Community Solar Can Advance Social Equity and Energy Security for All
Mackenzie Swartz, one of the DCSEU's Solar interns, explains why she believes solar programs like Solar for All can advance social equity.
I believe community solar investment has the potential to create cost savings that reduce these financial stresses and channel wealth into the hands of residents, providing them with new jobs and self-sustaining economic revitalization. Organizations like the DC Sustainable Energy Utility (DCSEU) are challenging standard solar practices, and I was confident that I could help advance these initiatives. That is why I wanted to spend my last summer of college interning at the DCSEU with the Solar Team.
I was driven to accept this position as it allowed me to explore how to create a greener, healthier, more equitable society alongside industry leaders through the modern energy economy. The solar industry has a chance to shape the larger narrative on energy justice, and advance social equity by ensuring energy security for all socioeconomic levels. Industry leaders are currently building the market and have the ability to choose the norm of how and for whom it functions.
In today’s market, non-profits, renters, and low-income households are being left out of the solar revolution due to financial barriers, misinformation, and lack of opportunity. Through the Solar for All program, the DCSEU is working with local solar contractors to design and install photovoltaic systems at no cost to income-qualified District homeowners. This program is helping to make the solar market more equitable by helping residents access solar who previously may not have had the opportunity. Working alongside the program associates, I manage 84 community renewable energy installations and 130 single-family solar sites, interfacing with the Department of Energy & Environment and DC contractors, to deliver over 7.2 megawatts of solar energy to low-income residents.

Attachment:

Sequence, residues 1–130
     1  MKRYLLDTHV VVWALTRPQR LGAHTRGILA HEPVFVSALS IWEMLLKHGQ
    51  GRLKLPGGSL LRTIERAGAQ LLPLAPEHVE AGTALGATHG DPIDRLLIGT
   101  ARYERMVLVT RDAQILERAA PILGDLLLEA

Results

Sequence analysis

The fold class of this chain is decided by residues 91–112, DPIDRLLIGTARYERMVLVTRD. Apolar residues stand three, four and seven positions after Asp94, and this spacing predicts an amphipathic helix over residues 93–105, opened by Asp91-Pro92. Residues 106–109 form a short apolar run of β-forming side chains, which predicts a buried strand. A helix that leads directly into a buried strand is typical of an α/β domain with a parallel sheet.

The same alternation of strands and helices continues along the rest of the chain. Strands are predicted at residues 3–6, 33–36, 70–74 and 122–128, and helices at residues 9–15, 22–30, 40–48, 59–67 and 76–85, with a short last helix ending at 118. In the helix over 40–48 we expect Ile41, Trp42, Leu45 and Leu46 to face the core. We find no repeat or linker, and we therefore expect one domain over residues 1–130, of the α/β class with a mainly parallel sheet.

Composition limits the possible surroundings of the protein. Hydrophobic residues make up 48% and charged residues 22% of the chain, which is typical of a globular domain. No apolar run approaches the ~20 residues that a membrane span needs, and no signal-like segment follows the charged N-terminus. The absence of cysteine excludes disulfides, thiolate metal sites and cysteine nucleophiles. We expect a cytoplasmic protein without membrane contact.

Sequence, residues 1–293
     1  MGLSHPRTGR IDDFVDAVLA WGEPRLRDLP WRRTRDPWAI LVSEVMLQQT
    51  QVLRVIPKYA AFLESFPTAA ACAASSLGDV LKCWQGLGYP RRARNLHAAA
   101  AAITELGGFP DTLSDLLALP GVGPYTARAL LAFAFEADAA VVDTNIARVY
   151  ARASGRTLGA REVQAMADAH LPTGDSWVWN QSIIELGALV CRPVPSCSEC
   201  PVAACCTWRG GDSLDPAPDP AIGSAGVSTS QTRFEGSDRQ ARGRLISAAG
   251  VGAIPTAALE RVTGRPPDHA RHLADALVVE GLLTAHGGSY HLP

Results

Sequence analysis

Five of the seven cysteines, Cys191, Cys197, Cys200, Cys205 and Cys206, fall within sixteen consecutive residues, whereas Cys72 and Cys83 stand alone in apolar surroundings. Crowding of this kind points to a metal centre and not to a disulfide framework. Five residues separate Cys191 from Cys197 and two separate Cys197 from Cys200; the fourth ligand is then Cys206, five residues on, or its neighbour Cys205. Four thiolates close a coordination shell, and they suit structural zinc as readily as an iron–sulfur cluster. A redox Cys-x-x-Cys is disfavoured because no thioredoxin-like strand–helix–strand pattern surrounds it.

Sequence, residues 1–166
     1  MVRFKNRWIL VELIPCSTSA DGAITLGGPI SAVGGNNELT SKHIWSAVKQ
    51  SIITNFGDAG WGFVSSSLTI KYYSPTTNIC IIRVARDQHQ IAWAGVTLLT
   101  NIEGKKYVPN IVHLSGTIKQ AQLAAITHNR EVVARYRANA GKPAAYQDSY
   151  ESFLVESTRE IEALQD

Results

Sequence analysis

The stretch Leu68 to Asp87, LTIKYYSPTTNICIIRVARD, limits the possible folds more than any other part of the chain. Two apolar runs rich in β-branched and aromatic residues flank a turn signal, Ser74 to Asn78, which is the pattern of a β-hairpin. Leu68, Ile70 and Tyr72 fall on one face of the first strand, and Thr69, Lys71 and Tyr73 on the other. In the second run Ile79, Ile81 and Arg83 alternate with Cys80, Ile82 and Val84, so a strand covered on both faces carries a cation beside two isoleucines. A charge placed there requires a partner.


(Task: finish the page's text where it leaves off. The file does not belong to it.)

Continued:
I plan on continuing to present this conversation and posing important questions that force industry leaders to contemplate the consequences of rapid market development, “As we make this transition to cleaner energy, who is really benefiting and who is being left behind?” throughout my career in solar. I have found my time at the DCSEU invaluable in expanding my knowledge of equity solutions and providing me a space to contribute to conversations on the future of community solar.
This blog post was written by Macekenzie Swartz, one of the DCSEU's summer interns. Mackenzie is a rising senior attending the George Washington University School of Business where she studies International Business with a minor in Sustainability.